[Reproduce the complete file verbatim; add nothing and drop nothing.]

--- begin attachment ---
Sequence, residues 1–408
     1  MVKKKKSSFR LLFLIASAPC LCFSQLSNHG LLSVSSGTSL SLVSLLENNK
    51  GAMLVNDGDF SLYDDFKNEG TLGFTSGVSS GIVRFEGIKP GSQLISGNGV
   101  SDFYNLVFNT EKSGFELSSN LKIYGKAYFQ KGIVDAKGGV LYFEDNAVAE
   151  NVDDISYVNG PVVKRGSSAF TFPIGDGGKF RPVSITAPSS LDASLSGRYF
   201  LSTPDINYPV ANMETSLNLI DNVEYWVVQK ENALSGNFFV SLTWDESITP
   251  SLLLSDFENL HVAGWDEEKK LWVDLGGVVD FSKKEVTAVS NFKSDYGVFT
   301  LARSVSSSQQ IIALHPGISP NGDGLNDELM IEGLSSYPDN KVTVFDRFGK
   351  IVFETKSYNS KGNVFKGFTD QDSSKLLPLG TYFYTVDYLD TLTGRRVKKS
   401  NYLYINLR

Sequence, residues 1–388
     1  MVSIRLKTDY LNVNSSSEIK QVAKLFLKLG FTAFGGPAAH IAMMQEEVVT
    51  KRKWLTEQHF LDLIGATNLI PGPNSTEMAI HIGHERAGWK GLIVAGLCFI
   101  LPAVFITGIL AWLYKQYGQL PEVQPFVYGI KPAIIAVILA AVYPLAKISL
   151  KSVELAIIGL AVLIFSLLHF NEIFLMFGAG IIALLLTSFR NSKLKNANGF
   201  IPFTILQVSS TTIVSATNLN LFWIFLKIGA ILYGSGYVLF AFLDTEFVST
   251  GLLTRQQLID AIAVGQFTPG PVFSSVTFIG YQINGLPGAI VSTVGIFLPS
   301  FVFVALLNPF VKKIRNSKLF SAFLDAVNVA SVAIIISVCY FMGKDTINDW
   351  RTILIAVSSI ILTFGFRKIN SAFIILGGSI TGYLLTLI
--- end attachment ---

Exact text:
Sequence, residues 1–408
     1  MVKKKKSSFR LLFLIASAPC LCFSQLSNHG LLSVSSGTSL SLVSLLENNK
    51  GAMLVNDGDF SLYDDFKNEG TLGFTSGVSS GIVRFEGIKP GSQLISGNGV
   101  SDFYNLVFNT EKSGFELSSN LKIYGKAYFQ KGIVDAKGGV LYFEDNAVAE
   151  NVDDISYVNG PVVKRGSSAF TFPIGDGGKF RPVSITAPSS LDASLSGRYF
   201  LSTPDINYPV ANMETSLNLI DNVEYWVVQK ENALSGNFFV SLTWDESITP
   251  SLLLSDFENL HVAGWDEEKK LWVDLGGVVD FSKKEVTAVS NFKSDYGVFT
   301  LARSVSSSQQ IIALHPGISP NGDGLNDELM IEGLSSYPDN KVTVFDRFGK
   351  IVFETKSYNS KGNVFKGFTD QDSSKLLPLG TYFYTVDYLD TLTGRRVKKS
   401  NYLYINLR

Sequence, residues 1–388
     1  MVSIRLKTDY LNVNSSSEIK QVAKLFLKLG FTAFGGPAAH IAMMQEEVVT
    51  KRKWLTEQHF LDLIGATNLI PGPNSTEMAI HIGHERAGWK GLIVAGLCFI
   101  LPAVFITGIL AWLYKQYGQL PEVQPFVYGI KPAIIAVILA AVYPLAKISL
   151  KSVELAIIGL AVLIFSLLHF NEIFLMFGAG IIALLLTSFR NSKLKNANGF
   201  IPFTILQVSS TTIVSATNLN LFWIFLKIGA ILYGSGYVLF AFLDTEFVST
   251  GLLTRQQLID AIAVGQFTPG PVFSSVTFIG YQINGLPGAI VSTVGIFLPS
   301  FVFVALLNPF VKKIRNSKLF SAFLDAVNVA SVAIIISVCY FMGKDTINDW
   351  RTILIAVSSI ILTFGFRKIN SAFIILGGSI TGYLLTLI